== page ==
If it has been possible, against all odds, to bring the democratic revolution to European nations, why should it not be possible to bring it to Europe? If citizens meeting in one place is no longer an essential condition for democracy, why should the same not be true of a shared language? At a time when the world is increasingly dominated by multicultural and multilingual continent-sized states such as China, India or even the US and Russia – which base their identity less on a national culture than on a project of civilisation – why should democratic struggles be left behind? Is there not a risk that democracy will condemn itself to weakness, becoming again what it was in the 17th century, a regime adapted to small states but not the great modern powers?
Alongside the deepening of democracy, through referendum or sortition, the enlargement of traditional democratic communities is another great contemporary struggle. Those who believe democracy must remain confined to a narrow national framework are the objective allies of the new 21st-century monarchs, Xi or Putin, who base their legitimacy on the idea that only an all-powerful leader can preside over the destiny of a great people. The common objective is to prevent democracy from growing.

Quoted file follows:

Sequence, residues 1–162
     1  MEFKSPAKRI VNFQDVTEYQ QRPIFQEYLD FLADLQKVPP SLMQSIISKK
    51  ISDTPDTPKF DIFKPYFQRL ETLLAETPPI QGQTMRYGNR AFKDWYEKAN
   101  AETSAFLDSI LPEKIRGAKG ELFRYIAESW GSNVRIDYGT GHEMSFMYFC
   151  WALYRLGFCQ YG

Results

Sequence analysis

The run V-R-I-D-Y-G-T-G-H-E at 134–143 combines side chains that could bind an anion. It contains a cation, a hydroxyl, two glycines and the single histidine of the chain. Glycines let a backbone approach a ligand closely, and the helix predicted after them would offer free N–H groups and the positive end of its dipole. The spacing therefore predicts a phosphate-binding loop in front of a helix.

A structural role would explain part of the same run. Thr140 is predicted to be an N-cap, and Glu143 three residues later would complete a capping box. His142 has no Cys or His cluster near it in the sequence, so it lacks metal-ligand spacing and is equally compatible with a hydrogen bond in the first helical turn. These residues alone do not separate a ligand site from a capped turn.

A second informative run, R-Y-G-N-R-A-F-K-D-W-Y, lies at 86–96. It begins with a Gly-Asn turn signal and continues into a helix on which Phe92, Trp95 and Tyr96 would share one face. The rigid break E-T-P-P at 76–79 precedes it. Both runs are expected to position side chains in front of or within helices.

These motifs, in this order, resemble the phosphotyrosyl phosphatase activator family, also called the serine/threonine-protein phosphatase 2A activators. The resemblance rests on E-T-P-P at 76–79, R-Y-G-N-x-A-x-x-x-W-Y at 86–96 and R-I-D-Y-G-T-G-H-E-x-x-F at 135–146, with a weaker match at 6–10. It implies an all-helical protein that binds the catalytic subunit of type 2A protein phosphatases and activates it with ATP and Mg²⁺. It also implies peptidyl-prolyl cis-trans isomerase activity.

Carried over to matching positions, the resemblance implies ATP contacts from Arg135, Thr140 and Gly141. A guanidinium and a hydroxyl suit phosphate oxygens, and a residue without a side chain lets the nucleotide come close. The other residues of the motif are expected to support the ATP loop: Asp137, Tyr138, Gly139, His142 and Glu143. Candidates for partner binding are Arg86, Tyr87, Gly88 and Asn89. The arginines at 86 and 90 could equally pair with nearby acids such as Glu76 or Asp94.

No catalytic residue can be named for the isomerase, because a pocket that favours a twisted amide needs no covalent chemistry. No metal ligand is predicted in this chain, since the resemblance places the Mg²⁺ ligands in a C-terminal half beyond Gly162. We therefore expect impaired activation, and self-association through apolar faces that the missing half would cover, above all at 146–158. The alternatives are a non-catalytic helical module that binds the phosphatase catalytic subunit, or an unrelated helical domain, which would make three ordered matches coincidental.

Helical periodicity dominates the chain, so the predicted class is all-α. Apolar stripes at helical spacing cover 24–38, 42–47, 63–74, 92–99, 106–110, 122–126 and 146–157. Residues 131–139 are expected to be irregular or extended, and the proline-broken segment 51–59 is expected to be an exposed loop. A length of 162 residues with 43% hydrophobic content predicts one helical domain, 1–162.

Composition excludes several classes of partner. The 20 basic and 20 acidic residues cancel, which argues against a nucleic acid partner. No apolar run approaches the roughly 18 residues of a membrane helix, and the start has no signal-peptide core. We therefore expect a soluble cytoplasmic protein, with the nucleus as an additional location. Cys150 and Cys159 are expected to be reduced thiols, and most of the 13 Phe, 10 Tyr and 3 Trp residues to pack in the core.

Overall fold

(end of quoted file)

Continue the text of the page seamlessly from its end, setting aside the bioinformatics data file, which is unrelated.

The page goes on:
Can the EU experience its own democratic revolution? The answer to this question is a fight. It is a political fight, first of all, to mobilise European citizens around democratic demands such as the direct election of the European Commission, the establishment of a European referendum on popular initiative or the creation of a European Citizens’ Assembly drawn by lot. But it is also an emotional, memory-based battle. To become a collective actor, the European people must acquire an awareness of their shared identity, discovering, under the veils of national narratives, what makes Europe a community of destiny.
An example is the 732 Battle of Tours between Charles Martel’s Franks and Abd al-Rahman’s Umayyad troops. This event was dramatised by the French extreme right to promote a Christian, Islamophobic and generally anti-immigration national identity. Yet historians have long pointed out that, far from the religious war it was painted to be, the episode was closer to an attempted raid. For Abd al-Rahman, the main objective was plundering. Charles Martel hoped to extend his influence over the Duchy of Aquitaine, previously at war against his authority. Behind modern reconstructions remains the perception of 8th-century witnesses. The most detailed account of the battle comes from the Mozarabic Chronicles, written in Spain beginning in 754. When referring to the victorious army, the author used an unexpected term – almost a neologism – a Latin word that can nevertheless be understood without a long classical education: Europenses.
The European people are a sleeping giant.
Let’s awaken them!
My name is Pierre Haroche and I am a co-founder of À nous la démocratie, a French-based citizens' movement dedicated to promoting direct democracy at a local, national and European level.
This blog presents our manifesto and our 3 proposals for Europe's democratic regeneration, as well as my personal views on the topic.